As a consequence of the loop theorem, if $F$ is a closed surface in the boundary of a 3-manifold and if the kernel $N = \ker(\pi_1(F) \to \pi_1(M))$ is nonempty then there is a nontrivial element of $N$ that can be represented by an embedded curve. I read in Hempel's book that there are lots of normal subgroups of $\pi_1(F)$ that contain no nontrivial elements that can be represented by embedded curves. How can I cook up such subgroups and prove that they have this property?

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    $\begingroup$ In fact, there's a finite-sheeted cover with this property. Any embedded non-separating curve is non-trivial on $H_1(F;\mathbb{Z}/2)$, hence will lie in the kernel of the map $\pi_1(F)\to H_1(F;\mathbb{Z}/2)$. Pass to the cover $\tilde{F}$ corresponding to this kernel; one may check that every separating curve lifts to a non-separating curve in this cover. So take the cover of $\tilde{F}$ corresponding to $ker\{ \pi_1(\tilde{F})\to H_1(\tilde{F};\mathbb{Z}/2)\}$ to get a normal subgroup with the desired property. $\endgroup$ – Ian Agol May 4 '18 at 5:00
  • $\begingroup$ @IanAgol it seems what you call "this property" is the negation of what the OP calls "this property". But none of you is explicit, and you're also not explicit on what you claim to prove "a finite-sheeted cover..." of what? $\endgroup$ – YCor May 4 '18 at 8:32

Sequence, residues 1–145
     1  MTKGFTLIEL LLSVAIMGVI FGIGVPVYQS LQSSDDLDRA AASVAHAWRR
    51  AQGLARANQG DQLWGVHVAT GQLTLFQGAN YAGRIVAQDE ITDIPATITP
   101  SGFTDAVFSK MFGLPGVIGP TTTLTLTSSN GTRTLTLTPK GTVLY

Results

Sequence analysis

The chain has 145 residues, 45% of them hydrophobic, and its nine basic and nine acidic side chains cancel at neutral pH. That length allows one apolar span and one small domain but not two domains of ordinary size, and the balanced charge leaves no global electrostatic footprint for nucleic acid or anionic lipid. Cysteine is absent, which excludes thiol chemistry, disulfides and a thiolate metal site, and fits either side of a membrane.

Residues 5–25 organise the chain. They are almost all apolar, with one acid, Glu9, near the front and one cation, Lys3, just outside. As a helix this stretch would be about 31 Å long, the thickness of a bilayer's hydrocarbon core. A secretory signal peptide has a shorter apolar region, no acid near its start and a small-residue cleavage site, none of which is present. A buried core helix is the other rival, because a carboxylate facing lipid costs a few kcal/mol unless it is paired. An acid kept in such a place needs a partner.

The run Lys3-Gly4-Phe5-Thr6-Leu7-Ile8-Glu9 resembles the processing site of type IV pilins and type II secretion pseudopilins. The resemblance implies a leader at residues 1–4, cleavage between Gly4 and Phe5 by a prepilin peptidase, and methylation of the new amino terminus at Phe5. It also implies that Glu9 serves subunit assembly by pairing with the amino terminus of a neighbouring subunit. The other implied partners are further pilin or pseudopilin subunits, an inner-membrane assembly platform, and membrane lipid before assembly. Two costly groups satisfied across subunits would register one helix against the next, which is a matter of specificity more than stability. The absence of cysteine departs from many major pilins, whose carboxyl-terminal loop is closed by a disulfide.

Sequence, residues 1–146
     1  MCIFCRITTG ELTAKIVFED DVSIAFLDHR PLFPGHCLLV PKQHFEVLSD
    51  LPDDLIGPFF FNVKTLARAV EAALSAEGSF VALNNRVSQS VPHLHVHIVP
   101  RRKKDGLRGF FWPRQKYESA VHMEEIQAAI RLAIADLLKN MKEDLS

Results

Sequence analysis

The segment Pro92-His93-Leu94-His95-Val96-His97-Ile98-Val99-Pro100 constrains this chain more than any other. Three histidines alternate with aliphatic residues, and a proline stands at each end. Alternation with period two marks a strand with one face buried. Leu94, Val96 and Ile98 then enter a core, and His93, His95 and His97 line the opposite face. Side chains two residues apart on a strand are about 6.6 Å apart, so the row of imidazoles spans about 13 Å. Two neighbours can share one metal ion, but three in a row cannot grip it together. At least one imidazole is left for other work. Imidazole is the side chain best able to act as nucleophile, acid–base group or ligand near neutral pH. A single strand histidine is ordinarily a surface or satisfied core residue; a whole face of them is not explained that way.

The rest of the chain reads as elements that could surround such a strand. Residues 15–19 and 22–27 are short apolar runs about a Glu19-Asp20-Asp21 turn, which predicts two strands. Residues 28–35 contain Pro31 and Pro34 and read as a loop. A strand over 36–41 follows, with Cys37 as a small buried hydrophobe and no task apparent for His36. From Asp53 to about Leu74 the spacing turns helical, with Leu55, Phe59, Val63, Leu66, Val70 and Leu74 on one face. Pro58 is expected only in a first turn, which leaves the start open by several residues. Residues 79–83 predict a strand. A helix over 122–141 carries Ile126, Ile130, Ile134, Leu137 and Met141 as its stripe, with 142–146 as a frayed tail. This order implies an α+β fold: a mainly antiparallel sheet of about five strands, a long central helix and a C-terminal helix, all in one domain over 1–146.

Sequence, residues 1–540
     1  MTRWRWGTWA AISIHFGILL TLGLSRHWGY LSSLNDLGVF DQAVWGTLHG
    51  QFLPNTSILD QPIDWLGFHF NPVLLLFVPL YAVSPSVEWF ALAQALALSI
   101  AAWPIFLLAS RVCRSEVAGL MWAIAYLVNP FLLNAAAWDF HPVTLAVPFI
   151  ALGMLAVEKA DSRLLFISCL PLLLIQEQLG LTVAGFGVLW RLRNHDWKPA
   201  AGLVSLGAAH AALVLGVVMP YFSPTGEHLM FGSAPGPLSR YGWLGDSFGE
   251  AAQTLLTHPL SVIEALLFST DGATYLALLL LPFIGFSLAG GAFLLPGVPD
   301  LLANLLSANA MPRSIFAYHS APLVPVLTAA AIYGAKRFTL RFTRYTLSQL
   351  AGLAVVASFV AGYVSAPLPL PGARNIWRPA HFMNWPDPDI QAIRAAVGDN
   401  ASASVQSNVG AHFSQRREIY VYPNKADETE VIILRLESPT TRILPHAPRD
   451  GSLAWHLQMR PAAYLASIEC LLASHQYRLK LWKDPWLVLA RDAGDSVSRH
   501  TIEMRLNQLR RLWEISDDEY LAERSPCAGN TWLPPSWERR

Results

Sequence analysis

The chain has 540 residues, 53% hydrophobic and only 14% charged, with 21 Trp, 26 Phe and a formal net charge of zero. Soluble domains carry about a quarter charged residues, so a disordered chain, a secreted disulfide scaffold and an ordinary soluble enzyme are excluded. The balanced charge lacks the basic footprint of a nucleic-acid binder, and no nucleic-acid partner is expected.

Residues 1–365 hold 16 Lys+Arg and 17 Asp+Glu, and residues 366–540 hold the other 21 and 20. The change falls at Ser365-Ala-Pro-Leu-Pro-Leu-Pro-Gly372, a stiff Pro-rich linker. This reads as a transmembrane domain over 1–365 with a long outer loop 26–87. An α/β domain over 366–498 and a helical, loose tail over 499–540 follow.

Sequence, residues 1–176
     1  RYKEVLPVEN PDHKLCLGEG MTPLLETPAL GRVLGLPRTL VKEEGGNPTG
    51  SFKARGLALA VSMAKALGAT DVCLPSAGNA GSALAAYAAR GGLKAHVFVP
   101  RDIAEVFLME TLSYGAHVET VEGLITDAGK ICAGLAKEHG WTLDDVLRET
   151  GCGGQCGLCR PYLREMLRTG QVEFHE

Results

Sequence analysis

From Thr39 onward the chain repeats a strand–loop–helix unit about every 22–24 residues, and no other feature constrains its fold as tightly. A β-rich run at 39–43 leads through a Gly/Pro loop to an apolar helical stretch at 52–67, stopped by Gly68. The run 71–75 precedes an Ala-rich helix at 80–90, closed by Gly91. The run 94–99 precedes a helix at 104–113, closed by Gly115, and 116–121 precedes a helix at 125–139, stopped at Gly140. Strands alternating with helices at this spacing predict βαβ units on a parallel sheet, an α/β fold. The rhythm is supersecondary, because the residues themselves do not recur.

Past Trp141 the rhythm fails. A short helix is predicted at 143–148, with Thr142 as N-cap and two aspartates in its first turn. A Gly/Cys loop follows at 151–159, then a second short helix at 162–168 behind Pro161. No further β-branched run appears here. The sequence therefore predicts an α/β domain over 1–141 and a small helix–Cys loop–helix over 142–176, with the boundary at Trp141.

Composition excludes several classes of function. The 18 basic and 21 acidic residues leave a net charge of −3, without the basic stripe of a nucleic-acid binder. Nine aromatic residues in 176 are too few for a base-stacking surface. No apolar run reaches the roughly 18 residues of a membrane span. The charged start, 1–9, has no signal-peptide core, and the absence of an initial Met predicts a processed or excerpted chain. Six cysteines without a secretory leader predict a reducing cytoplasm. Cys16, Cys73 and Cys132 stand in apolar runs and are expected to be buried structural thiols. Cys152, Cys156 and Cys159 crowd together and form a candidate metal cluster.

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    $\begingroup$ @YCor : I made a mistake, saying cover when I meant to say subgroup (I internally make this identification between subgroups and covers in my thinking all the time, and many times accidentally express it externally). In any case, the question posed about subgroups is equivalent to asking for a regular connected cover of the surface to which no simple closed loop lifts. Simple loops represent conjugacy classes of the fundamental group, and hence there is no ambiguity in discussing whether they are represented by an element of a normal subgroup. $\endgroup$ – Ian Agol May 4 '18 at 13:50
  • $\begingroup$ @IanAgol I understood that you were talking of finite index subgroups, but couldn't figure out what you claimed. I now guess you mean that for every $N$ there exists a finite index subgroup $F'$ of $F$ such that $F'\cap N$ contains no nontrivial element represented by an embedded curve. $\endgroup$ – YCor May 4 '18 at 16:24
  • $\begingroup$ @YCor : in your notation F' is the requested subgroup N. he's just asking for the existence of such a subgroup. $\endgroup$ – Ian Agol May 4 '18 at 17:26

One source of interesting examples is the lower central series. In my paper

J. Malestein, A. Putman, On the self-intersections of curves deep in the lower central series of a surface group, Geom. Dedicata 149 (2010), no. 1, 73–84.

my coauthor and I show that the minimal number of self-intersections among nontrivial elements of the kth term of the lower central series of a surface group goes to infinity as k goes to infinity.


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